Five groups ask court to halt coal mining

Environmentalists say feds failed to consider cumulative impacts

A local environmental group is one of five organizations suing the federal government over its approval of a proposed expansion of the coal mine that supplies the Four Corners Power Plant in northern New Mexico.

The lawsuit, filed last week, challenges the U.S. Office of Surface Mining, Reclamation and Enforcement’s approval of a 714-acre expansion of the Navajo Coal Mine in northern New Mexico.

The plaintiffs argue the federal agency did not evaluate the indirect and cumulative impacts of the mine expansion.

The extraction, combustion and waste disposal of the additional coal will cause the release of significant amounts of air and water pollution that will adversely affect the Four Corners and beyond, the lawsuit claims.

Coal ash disposal, dust accumulation, traffic and contamination of water sources are other potential environmental impacts, said Mike Eisenfeld, the New Mexico energy coordinator at the San Juan Citizens Alliance, one of the plaintiffs in the lawsuit.

The office of surface mining “put on blinders to the cumulative reality of coal operations at the mine and the power plant,” Eisenfeld said.

The approval “hides the true magnitude of the damage caused by coal mining and combustion in our region and the risks of green-lighting more of the same with no change,” he said.

The groups argue the federal agency should pursue a more-detailed analysis of the environmental impacts of mine expansion.

Mine operator BHP Billington is willing to discuss with the environmental groups the cumulative environmental impacts, said Jac Fourie, president of BHP Billiton’s New Mexico Coal operations, according to news reports.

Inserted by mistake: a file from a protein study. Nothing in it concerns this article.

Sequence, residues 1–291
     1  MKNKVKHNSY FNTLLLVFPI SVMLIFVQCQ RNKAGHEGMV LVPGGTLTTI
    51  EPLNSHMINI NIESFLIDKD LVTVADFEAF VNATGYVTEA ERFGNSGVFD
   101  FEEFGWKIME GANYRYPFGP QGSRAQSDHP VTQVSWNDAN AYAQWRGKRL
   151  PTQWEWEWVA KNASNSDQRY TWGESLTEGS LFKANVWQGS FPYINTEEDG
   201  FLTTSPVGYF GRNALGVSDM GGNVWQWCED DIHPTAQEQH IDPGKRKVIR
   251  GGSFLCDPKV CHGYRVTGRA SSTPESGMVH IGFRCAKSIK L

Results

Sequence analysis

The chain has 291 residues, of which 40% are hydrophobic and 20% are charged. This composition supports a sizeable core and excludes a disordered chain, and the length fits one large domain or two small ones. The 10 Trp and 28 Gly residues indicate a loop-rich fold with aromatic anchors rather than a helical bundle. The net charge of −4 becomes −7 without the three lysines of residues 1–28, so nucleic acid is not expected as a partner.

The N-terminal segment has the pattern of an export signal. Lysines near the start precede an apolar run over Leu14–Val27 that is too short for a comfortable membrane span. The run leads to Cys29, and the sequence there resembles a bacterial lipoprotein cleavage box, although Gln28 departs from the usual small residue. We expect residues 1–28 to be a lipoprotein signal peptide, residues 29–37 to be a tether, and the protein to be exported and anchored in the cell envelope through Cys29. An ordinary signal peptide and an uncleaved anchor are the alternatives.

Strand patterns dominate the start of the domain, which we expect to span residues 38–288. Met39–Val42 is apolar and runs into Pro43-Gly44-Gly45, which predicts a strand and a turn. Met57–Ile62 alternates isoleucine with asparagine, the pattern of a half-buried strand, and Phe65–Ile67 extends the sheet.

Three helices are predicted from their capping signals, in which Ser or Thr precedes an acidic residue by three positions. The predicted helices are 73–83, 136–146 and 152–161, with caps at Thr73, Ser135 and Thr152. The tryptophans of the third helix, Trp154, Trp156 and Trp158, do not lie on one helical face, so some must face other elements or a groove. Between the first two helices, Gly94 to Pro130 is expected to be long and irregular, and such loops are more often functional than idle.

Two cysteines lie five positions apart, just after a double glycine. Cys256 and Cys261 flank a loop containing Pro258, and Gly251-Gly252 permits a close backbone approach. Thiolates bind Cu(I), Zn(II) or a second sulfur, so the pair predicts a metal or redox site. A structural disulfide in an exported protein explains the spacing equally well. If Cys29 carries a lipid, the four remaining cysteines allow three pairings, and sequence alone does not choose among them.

The 714-acre expansion is a scaled-down version of the company’s 2010 proposal to strip mine 3,800 acres on the same site.

A Colorado district judge ruled the Office of Surface Mining’s analysis of that proposal insufficient.

The current expansion proposal permits the company to extract 12.7 million tons of coal that will be burned at the Four Corners Power Plant.

“The two facilities are inextricably connected,” Eisenfeld said.

The mine needs the expansion permit to fulfill its contract with the power plant, he said.

The Four Corners Power Plant provides electricity to California, Arizona, New Mexico and Texas.

It is the largest coal-fired power plant and the largest single source of nitrogen oxides in the country.

Recent regulations proposed by the U.S. Environmental Protection Agency that target toxic pollutants would reduce the plant’s emissions by 87 percent.

ecowan@durangoherald.com

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